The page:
Classicplayer

Senior Member
Joined
Sep 6, 2007
Messages
2,710
Reaction score
1,789
Shielding can help a bit, but I had a 2010 Les Paul Studio with a similar persistent hum from the 500k volumes, and shielding did not eliminate all of it. I think some hum is considered fairly normal by many Les Paul owners. It is worse in some guitars though! If you can't abide with it and think it's too much hum, have a tech examine the wiring.

My current 2 Lesters also have some hum when turning volumes down. One guitar only lets me go to about 7.5 on the volumes, while the new one lets me go down to just below 9 on the volumes before I notice some hum. I have read and would like confirmation on it; that volume controls act as a voltage divider which cause this hum situation. I would like an electronics tech explain to me what that means and (electrical) what it can cause.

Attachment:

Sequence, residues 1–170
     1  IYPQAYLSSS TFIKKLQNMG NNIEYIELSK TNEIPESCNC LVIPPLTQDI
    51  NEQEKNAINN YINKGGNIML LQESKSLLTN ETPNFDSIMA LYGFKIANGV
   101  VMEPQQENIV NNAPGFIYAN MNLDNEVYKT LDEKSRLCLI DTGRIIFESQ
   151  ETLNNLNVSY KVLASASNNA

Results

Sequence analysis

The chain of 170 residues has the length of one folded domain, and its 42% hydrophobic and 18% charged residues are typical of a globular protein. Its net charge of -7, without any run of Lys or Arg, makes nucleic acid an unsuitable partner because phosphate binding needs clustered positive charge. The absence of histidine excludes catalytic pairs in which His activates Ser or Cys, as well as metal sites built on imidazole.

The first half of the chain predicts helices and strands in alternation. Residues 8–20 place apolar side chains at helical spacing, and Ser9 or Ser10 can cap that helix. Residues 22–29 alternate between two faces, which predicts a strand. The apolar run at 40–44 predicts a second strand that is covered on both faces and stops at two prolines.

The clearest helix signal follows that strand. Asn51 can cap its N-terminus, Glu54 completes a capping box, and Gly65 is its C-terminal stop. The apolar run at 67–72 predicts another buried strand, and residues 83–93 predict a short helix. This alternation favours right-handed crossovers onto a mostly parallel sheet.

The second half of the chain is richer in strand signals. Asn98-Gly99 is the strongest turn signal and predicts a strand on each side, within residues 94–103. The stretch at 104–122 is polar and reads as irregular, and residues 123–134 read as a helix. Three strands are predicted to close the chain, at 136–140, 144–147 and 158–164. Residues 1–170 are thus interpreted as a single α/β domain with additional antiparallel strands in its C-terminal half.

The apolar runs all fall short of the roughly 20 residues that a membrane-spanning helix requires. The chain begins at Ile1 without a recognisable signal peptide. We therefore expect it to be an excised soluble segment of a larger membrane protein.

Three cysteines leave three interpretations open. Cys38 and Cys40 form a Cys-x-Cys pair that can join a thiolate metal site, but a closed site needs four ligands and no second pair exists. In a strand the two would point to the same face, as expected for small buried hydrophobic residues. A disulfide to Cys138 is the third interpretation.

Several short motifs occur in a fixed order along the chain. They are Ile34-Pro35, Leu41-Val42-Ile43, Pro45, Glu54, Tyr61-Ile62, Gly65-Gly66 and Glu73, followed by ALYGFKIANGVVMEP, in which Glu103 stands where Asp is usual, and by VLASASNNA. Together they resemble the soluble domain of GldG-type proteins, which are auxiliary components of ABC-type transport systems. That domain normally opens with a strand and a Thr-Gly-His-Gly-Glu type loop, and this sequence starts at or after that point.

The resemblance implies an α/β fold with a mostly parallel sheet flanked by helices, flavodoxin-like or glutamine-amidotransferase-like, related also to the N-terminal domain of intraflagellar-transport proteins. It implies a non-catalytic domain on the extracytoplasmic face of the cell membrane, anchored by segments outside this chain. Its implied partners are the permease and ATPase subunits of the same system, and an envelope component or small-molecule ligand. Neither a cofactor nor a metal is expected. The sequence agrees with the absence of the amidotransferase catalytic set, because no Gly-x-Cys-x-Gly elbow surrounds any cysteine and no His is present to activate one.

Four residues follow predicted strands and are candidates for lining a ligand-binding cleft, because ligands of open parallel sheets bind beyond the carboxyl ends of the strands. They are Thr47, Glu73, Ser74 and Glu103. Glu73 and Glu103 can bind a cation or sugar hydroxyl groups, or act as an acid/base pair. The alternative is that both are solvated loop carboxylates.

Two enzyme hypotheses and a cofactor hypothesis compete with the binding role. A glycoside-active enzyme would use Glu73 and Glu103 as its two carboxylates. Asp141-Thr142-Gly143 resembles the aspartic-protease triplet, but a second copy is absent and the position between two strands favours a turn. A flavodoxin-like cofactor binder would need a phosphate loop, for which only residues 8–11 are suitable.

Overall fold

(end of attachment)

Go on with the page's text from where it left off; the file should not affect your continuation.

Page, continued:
Classicplayer
 

fasthall

Junior Member
Joined
May 1, 2018
Messages
14
Reaction score
61
I appreciate all of your replies. The more search I've done convinced me this is normal for the facts that I live in an old house with many electrics in the room. The hardwares seem to be grounded properly but I ordered a multimeter to test it and the outlet.

Well the humming gets loud only when using high gain and overdrive anyway. I'm now using a wireless transmitter and I can't hear the hum, so I'll leave it as it be.
 

Classicplayer

Senior Member
Joined
Sep 6, 2007
Messages
2,710
Reaction score
1,789